And if, after eating this cake,you are still in any doubt about the stellar capabilities of cream of tartar , you can always use it to make your own baking powder. Yup. No joke. If you ever find yourself out of baking powder, as I did not too long ago whilst in the middle of making pancakes, just mix 1 tsp baking soda and 2 tsp cream of tartar together. Yield: 1 T of baking powder. But I’m warning you. It makes you feel a little like a mad scientist to mix your own leavening chemicals. *insert evil laugh*
I would love to know what your ‘page turner’ is! Comment below and if I can, I will try and feature a recipe just for you! Unless, like me, you don’t even want a recipe that calls for fresh vanilla bean because you like the flavor of pure vanilla extract better. Hmmm…what is my page turner… Black & White Angel Food CakeRecipe adapted from Ina Garten
2 c sifted superfine sugar (see note below)
1 1/3 c cake flour
1 1/2 c egg whites, preferably at room temperature (10 to 12 eggs)
3/4 tsp salt
1 1/2 tsp cream of tartar
1 tsp vanilla
1/2 c coarsely grated semisweet chocolate (This is easiest on the biggest side of your box grater. The same one I use to grate cheese.)
1/2 lb semisweet chocolate chips
3/4 c heavy cream
Mix 1/2 c of the sugar with all of the flour and sift them together 4 times. Yes, this seems excessive, but it is needed to achieve a nice smooth batter. Set this aside. Place the egg whites, salt, and cream of tartar in the bowl of an electric mixer fitted with the whisk attachment and beat on high speed until the eggs form medium-firm peaks. They should just barely hold their shape. With the mixer on medium speed, add the remaining 1 1/2 cups of sugar by sprinkling it over the beaten egg whites. Beat on high speed for a few minutes until thick and shiny. Add the vanilla and continue to whisk until very thick, about 1 more minute. Sift 1/4 of the flour mixture over the egg whites and fold it very carefully into the batter with a rubber spatula. Keep adding the flour in 3 more additions, sifting and folding until it’s all incorporated. Fold in the grated chocolate (see above pics). Pour the batter into an ungreased 10-inch tube pan, smooth the top, and bake it for 35 to 45 minutes at 350 degrees until it springs back to the touch. Remove the cake from the oven and immediately invert the pan on a cooling rack or flat, heat proof surface (see pic). When cool, run a thin knife around the cake to remove it from the pan.
For the chocolate ganache, melt the chocolate chips and cream together in the microwave in 30 second intervals, stirring between each one, just until the chocolate is melted. Pour the ganache over the top of the cooled cake and cover the top completely, allowing it to drizzle down the sides.
Note: Superfine sugar is just what it says it is: sugar that is finer than regular granulated sugar. Usually it is called for in recipes when the sugar needs to melt fast without a lot of heat. The use of it here makes for a light cake with a smooth, fluffy texture. No graininess, like with some angel food cakes. But I hate to make an extra trip to the grocery store to buy it so I usually just make my own. For this recipe, add 2 1/4 sugar (this will yield the 2 c needed for this recipe when the texture is finer) to your food processor and blast away. Let it run for a few minutes and you are good to go.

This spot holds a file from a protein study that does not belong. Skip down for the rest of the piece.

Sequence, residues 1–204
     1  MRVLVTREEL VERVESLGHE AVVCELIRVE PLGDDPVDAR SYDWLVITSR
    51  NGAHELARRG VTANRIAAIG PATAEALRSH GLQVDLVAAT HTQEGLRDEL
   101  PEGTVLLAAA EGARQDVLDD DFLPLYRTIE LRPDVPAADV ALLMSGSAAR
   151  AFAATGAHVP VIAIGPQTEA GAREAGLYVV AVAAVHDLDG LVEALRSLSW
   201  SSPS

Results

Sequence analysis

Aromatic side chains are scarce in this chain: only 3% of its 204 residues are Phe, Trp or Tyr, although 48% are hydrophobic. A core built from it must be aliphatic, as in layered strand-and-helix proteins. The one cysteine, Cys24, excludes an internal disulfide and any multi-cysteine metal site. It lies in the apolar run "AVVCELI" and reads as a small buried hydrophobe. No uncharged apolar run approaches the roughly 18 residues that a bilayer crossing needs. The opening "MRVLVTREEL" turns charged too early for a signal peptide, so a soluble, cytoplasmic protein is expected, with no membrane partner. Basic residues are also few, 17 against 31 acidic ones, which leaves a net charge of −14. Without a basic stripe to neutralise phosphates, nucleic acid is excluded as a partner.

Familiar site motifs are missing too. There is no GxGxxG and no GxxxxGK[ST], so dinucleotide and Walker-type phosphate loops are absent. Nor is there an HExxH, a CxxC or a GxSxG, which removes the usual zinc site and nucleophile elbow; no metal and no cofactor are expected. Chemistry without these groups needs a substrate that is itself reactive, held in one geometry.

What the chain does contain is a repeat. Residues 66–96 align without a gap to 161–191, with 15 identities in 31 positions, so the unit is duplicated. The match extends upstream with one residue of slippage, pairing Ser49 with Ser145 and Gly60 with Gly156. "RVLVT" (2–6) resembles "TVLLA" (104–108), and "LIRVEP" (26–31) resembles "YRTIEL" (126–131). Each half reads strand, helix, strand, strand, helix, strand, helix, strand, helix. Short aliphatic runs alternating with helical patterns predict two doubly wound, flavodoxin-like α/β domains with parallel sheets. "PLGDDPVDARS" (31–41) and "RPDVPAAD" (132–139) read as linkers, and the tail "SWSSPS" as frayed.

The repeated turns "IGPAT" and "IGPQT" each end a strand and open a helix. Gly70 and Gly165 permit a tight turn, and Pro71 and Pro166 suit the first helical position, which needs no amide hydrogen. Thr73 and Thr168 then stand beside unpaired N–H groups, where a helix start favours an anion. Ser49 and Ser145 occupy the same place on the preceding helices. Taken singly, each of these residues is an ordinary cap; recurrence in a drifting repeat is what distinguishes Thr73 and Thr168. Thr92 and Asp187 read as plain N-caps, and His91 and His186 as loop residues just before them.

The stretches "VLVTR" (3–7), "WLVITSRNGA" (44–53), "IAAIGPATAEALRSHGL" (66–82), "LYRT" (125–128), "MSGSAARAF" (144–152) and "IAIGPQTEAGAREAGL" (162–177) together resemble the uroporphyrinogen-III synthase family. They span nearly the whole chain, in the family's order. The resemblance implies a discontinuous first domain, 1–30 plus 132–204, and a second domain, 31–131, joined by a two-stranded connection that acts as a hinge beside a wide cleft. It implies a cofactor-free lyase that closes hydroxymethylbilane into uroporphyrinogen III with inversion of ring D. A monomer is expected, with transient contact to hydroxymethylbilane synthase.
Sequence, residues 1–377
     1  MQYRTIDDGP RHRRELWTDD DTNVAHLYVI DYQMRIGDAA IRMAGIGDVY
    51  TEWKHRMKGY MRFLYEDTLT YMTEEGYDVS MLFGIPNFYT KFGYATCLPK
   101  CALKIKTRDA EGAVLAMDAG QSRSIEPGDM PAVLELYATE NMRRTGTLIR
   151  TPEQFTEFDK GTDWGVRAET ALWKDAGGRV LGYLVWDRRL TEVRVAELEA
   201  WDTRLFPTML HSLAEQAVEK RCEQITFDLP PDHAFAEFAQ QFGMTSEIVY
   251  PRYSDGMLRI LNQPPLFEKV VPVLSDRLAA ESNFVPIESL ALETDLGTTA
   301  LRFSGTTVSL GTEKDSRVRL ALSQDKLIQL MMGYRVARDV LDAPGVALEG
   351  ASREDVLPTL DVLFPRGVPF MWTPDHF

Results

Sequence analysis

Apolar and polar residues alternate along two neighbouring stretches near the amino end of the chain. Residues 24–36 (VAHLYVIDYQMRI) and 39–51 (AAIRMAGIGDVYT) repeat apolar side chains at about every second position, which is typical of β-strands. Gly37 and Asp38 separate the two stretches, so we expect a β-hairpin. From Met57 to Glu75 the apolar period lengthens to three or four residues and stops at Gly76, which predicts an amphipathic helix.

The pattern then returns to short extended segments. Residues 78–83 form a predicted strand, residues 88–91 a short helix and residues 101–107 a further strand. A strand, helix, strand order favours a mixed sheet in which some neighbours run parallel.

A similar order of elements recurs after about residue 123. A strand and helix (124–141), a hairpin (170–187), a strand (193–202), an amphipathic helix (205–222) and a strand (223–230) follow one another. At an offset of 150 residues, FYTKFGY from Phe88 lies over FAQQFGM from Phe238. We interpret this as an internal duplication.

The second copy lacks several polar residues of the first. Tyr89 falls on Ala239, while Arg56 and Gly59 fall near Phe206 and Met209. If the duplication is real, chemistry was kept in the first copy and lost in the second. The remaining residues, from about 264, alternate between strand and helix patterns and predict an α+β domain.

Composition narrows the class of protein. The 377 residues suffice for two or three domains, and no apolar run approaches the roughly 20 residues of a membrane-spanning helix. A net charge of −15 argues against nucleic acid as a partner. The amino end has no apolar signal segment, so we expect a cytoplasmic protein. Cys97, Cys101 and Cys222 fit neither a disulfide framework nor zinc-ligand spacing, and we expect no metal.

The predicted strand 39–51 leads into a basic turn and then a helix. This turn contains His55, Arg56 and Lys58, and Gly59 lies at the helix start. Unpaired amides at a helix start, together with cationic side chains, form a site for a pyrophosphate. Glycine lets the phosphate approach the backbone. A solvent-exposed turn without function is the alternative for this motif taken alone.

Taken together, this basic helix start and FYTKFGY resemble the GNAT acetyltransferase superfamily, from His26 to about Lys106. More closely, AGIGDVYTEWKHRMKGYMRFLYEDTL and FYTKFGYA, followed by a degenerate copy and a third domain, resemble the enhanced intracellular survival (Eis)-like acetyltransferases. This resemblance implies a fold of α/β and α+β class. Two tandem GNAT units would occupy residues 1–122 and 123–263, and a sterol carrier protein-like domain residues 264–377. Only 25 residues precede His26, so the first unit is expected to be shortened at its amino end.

Brittany wrote this on 6 May 2011
Homemade ice cream. Better yet! Homemade strawberry ice cream!
When I recently found myself with an overabundance of very ripe strawberries, I decided to make ice cream. Is there anything better than homemade ice cream? I am continually thankful for my Mother-In-Law’s gift a few Christmases back: an ice cream maker attachment for my Kitchen Aid. Yes, they really make them! And nope! I didn’t know they did either! If you are looking for one or just want to see what the heck I am talking about, you can check it out here. The bowl is stored in the freezer and then it just twists into place like a regular mixing bowl. Quite wonderful. And I try and use it as much as I can. I came across a recipe for strawberry lemonade ice cream that I thought sounded genius. But I was in the mood for the classic. The original. But it had to be the ultimate too. Whose version did I settle on? *sigh* Martha Stewart. Yup. This is her recipe. Rich and custardy (is that a word?) with a ton of strawberries. I like my ice cream super creamy, but with a depth of flavor. A custard base is almost always a must for me; lots of egg yolks to clog the arteries really make it out of this world. Frozen sweet cream isn’t going to cut it!
8 egg yolks
1 1/4 c sugar
pinch of salt
2 c skim milk
4 c sliced strawberries
2 c heavy cream
In a medium saucepan whisk egg yolks, 1 c sugar, and salt until blended. Gradually whisk in skim milk. Cook over medium heat, stirring constantly with a wooden spoon, until custard thickens slightly and evenly coats the back of the spoon. If you draw your finger across the spoon it will hold the line. This will take about 10 minutes. Longer if you have a stove like mine. But don’t let it boil. Pour custard through a fine-mesh sieve into a bowl set over ice. Stir in cream. Let stand, stirring occasionally, until chilled and cold. Freeze in an ice cream maker according to manufacturer’s instructions. Mash 4 cups of sliced strawberries with 1/4 cup sugar and let stand 10 minutes. Add to ice cream as it churns in ice cream maker. Transfer ice cream to a resealable plastic container and freeze until firm, about 2 hours (or up to 3 months).